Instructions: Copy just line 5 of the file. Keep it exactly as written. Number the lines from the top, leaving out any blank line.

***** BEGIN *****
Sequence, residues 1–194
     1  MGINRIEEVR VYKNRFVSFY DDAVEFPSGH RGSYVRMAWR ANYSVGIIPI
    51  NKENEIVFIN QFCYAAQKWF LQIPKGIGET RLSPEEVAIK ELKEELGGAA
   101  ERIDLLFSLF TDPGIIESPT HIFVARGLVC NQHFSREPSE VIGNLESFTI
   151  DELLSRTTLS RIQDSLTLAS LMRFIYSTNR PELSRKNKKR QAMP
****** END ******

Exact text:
   151  DELLSRTTLS RIQDSLTLAS LMRFIYSTNR PELSRKNKKR QAMP